Janet Wilson’s Losses and Long Road Back from Hurricane Harvey Make Case for Lowering Lake Conroe

Janet Wilson lives in Kingwood Greens. Her home, like those of all 225 in the subdivision, flooded during Harvey AFTER Lake Conroe opened its gates and started releasing almost 80,000 cubic feet per second. That amounted to ONE THIRD of all the water coming down the highly populated Humble/Kingwood corridor on the West Fork where most flood damage occurred. Her photos tell a tragic story about the toll that flooding places on a family. But her words told an even more tragic story.

Below are photos of our home in Kingwood Greens. They show just a fraction of the overnight loss of 48 years’ accumulation of household effects, family heirlooms, clothing, medicines, pictures, letters, books, keepsakes, both our cars, including a vintage Porsche, and more.  

Kingwood Greens after the Lake Conroe release

Beyond the Tangible Items

But, these are just the tangible items. Some of our greatest losses could not be photographed.

It has taken us more than two years to try to restore our life.

That’s time we could have spent with aging and now deceased parents plus our children, grandchildren and friends.

Then consider the loss of wages; my husband is a consultant. Also consider the physical and continuing mental toll that stress from this has put on us.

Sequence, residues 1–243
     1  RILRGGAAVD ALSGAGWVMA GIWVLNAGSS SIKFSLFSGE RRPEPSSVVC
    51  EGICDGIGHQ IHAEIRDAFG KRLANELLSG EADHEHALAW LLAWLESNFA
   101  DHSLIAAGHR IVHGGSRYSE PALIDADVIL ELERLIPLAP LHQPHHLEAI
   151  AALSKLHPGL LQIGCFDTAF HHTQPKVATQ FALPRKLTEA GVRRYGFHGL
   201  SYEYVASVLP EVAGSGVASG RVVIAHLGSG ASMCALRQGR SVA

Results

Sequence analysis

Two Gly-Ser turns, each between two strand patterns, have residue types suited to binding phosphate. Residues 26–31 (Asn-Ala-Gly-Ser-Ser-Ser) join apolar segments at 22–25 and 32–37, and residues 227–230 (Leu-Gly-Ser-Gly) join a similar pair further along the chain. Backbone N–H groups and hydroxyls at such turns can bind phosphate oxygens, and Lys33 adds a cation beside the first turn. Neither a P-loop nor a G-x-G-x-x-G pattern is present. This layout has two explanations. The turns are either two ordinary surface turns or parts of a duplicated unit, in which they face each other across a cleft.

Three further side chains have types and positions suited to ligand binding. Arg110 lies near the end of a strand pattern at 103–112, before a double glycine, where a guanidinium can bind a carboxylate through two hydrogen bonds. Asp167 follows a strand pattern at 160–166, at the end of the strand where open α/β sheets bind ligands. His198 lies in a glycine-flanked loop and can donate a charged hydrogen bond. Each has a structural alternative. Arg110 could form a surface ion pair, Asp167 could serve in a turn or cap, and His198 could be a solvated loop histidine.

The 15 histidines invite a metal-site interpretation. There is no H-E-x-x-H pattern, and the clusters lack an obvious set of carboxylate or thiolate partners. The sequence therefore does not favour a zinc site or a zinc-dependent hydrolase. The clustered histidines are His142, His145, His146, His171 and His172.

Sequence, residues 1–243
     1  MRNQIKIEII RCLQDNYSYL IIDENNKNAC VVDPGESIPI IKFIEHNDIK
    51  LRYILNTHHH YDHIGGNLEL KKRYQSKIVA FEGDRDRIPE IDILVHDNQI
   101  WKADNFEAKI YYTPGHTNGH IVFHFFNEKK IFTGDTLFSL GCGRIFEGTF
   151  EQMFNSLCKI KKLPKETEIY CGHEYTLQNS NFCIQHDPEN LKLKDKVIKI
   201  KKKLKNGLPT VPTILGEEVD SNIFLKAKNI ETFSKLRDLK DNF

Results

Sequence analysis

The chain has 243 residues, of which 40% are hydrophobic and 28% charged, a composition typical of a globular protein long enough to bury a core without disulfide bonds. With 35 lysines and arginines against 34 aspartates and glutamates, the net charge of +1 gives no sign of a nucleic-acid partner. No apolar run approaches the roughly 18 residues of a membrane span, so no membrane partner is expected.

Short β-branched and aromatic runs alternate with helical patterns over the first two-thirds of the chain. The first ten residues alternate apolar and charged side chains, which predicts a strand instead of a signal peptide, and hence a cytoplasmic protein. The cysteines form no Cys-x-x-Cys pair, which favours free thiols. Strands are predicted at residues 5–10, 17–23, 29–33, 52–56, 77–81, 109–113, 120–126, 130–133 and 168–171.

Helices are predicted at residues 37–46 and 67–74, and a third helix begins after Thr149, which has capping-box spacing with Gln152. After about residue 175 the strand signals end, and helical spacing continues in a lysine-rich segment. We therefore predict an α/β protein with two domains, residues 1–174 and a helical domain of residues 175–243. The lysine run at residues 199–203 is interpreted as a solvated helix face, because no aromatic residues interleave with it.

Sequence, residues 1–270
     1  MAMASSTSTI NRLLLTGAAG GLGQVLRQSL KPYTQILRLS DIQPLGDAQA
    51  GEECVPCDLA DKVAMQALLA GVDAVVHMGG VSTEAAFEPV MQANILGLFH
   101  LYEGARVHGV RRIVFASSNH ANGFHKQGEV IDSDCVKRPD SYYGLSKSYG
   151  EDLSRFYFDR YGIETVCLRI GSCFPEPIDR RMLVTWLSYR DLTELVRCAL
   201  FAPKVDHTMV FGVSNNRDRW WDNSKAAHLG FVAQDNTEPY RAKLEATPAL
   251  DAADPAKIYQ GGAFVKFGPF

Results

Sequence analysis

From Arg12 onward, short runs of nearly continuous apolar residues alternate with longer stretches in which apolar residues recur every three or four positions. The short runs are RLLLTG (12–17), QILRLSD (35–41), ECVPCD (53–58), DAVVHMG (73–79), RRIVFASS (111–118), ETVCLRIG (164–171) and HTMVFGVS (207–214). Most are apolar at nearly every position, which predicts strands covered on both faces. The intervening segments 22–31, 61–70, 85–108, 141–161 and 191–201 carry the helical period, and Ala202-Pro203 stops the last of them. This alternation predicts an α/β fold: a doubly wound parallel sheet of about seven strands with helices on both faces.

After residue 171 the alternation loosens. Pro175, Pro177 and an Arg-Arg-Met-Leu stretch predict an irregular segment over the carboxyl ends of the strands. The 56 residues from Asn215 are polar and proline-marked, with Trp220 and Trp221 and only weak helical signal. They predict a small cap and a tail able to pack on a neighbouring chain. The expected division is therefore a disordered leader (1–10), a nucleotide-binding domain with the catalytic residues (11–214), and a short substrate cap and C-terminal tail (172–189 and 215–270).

AND finally, consider the permanent loss of friends and neighbors. Seven out of 21 families on our street alone were so traumatized, they have sold their homes and left our neighborhood forever.

Those “Stop the Drop” homeowners on Lake Conroe have no idea of what “loss of recreation” is, and their insensitive selfishness is incomprehensible. 

Tell YOUR Story In Person to the SJRA Board

If you feel like Janet, make sure you email the SJRA board and urge members to continue the policy of lowering Lake Conroe seasonally until other flood mitigation measures can be put in place. Until more gates can be added to Lake Houston and dredging is completed, it’s the only buffer against flooding that the Lake Houston Area has. You can email them or deliver your message in person at the next SJRA Board meeting.

  • Tuesday, January 21, 2020
  • 6pm at Lone Star Convention and Expo Center
  • 9055 Airport Road, Conroe, Texas 77303.
  • Doors open at 5pm.

Those wishing to address the board or register a comment at a special meeting must fill out a Comment Registration Form https://www.sjra.net/wp-content/uploads/2020/01/Comment-Registration-Form_01062020.pdf. Comment Registration Forms may be submitted at the special meeting. The form may not be mailed, emailed, or dropped off prior to the meeting date.

If You Can’t Attend, Email Your Comments

Please write an email showing your support for continuing the temporary seasonal lowering of Lake Conroe. The SJRA Board of Directors also welcomes input via mail or email. To contact the Board please visit: https://www.sjra.net/about/board/. Scroll down to the bottom of the page to see the email form. Or email floodmanagementdivision@sjra.net.

Generally, original letters carry more weight than form letters. However, many people do not feel comfortable writing or speaking. So…

The Lake Houston Area Chamber of Commerce has automated email that makes the process easy.

For More Information About the Lake Lowering Strategy

A new page on this web site called Lake Lowering contains background information, sample letters, and previous posts. Please write or testify.

Posted by Bob Rehak on 1/19/2020

873 Days after Hurricane Harvey